I see utility scale solar with battery storage increasing everywhere. But everyone will benefit and must pay for costs associated with installation, maintenance and operation of solar farms. Slightly Lower rates should result from about 30% daily fuel savings from solar, but battery storage isn’t going to be able to carry grid load 24/7 when the sun doesn’t shine.
Fossil fuel and nuclear generation will always be needed for the bulk of the load. So, get over it.
State sanctioned utility monopolies all profit from the buildout of transmission, and can justify more buildout and more peak demand charges during times of high energy need on the grid.. By blocking rooftop solar, the utilities effectively keep demand high, especially at crucial high-demand times. The utility company business model is based on providing guaranteed income to a relatively few wealthy investors. It’s just another energy market manipulating exploitation model….…..like authoritarian petro-states & BigOil. A free market doesn’t look like that.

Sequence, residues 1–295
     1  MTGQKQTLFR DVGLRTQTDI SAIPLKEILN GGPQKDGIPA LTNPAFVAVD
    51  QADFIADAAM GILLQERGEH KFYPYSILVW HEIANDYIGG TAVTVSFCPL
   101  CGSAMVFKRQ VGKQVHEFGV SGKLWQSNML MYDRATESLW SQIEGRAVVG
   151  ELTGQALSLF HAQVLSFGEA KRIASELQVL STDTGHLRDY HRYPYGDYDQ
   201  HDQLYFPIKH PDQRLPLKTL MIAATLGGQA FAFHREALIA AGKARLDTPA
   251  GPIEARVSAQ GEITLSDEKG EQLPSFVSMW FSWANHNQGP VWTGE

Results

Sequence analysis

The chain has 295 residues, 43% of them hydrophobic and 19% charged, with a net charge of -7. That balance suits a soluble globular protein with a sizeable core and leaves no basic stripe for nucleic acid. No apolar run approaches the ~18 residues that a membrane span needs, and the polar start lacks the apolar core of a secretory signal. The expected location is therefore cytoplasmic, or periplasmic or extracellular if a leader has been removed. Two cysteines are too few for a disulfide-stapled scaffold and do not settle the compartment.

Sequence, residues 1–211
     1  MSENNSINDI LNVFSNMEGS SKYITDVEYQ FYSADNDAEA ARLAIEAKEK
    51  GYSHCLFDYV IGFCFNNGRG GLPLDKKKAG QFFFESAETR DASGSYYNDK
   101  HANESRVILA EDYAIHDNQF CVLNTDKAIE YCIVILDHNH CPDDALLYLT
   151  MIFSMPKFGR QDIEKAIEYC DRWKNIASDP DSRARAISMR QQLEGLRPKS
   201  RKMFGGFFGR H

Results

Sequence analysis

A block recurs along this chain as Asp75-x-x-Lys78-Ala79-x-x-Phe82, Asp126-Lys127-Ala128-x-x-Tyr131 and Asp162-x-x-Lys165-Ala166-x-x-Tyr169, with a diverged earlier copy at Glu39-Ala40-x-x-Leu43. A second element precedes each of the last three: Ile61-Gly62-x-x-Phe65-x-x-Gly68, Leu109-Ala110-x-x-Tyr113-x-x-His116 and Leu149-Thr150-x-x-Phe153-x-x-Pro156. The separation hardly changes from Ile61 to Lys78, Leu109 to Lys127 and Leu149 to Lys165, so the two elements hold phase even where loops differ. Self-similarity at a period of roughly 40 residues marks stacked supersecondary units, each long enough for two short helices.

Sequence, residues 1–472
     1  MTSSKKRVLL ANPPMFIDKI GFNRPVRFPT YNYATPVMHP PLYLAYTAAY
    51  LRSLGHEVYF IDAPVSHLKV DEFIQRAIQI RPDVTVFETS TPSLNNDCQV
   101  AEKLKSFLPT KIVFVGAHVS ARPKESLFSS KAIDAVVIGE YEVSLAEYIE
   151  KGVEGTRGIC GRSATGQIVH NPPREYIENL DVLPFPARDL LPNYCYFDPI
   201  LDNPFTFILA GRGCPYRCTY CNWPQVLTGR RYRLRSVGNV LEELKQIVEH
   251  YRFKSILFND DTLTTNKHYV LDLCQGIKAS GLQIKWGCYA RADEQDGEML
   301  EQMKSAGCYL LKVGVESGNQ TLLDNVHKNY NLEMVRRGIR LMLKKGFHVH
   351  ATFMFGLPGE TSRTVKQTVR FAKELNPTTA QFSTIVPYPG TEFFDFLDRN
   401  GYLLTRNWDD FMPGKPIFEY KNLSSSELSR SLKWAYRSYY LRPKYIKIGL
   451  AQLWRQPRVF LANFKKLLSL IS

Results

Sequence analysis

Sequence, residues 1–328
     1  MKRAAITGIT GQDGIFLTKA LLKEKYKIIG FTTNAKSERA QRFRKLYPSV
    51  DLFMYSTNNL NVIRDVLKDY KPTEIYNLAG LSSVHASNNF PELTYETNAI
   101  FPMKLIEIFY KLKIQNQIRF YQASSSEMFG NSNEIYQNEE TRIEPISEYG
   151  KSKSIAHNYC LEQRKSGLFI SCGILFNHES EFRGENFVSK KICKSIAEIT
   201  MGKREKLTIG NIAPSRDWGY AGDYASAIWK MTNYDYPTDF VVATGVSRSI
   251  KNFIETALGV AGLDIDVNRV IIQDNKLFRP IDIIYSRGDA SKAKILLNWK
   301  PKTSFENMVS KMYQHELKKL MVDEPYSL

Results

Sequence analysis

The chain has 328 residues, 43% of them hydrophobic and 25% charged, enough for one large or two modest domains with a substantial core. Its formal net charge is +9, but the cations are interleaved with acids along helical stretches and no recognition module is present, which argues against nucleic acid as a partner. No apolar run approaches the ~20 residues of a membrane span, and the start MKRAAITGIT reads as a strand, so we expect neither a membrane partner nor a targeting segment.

By 2027, maybe sooner, when Battery Electric Vehicle (BEV) sales, including fleet & used vehicles, reach about 25% of the California market, owners of leased commercial property like large apartment buildings, neighborhood shopping centers & business parks will finally begin to feel market demand to install vehicle-to-grid (V2G) chargers with integrated rooftop or parking lot canopy solar & stationary battery storage. These relatively high power demand properties will become the hubs of 1 to 2 mile radius micro-grids networked across typical suburban neighborhoods. Electrical consumers, including lots of hard working lower income folks, will become “Produ-sumers” instead of just consumers of power, and reap grid stabilizing service fees from their connected BEV vehicles, at home &/or work. That’s how we get grid reliability & price stability with social equity to replace autocratic petro-states and fossil fuel & utility company monopolies. Think about how much reducing & stabilizing utility bills and transportation costs will benefit young families & everyone living on modest incomes. For a peek into the direction we’re headed, see: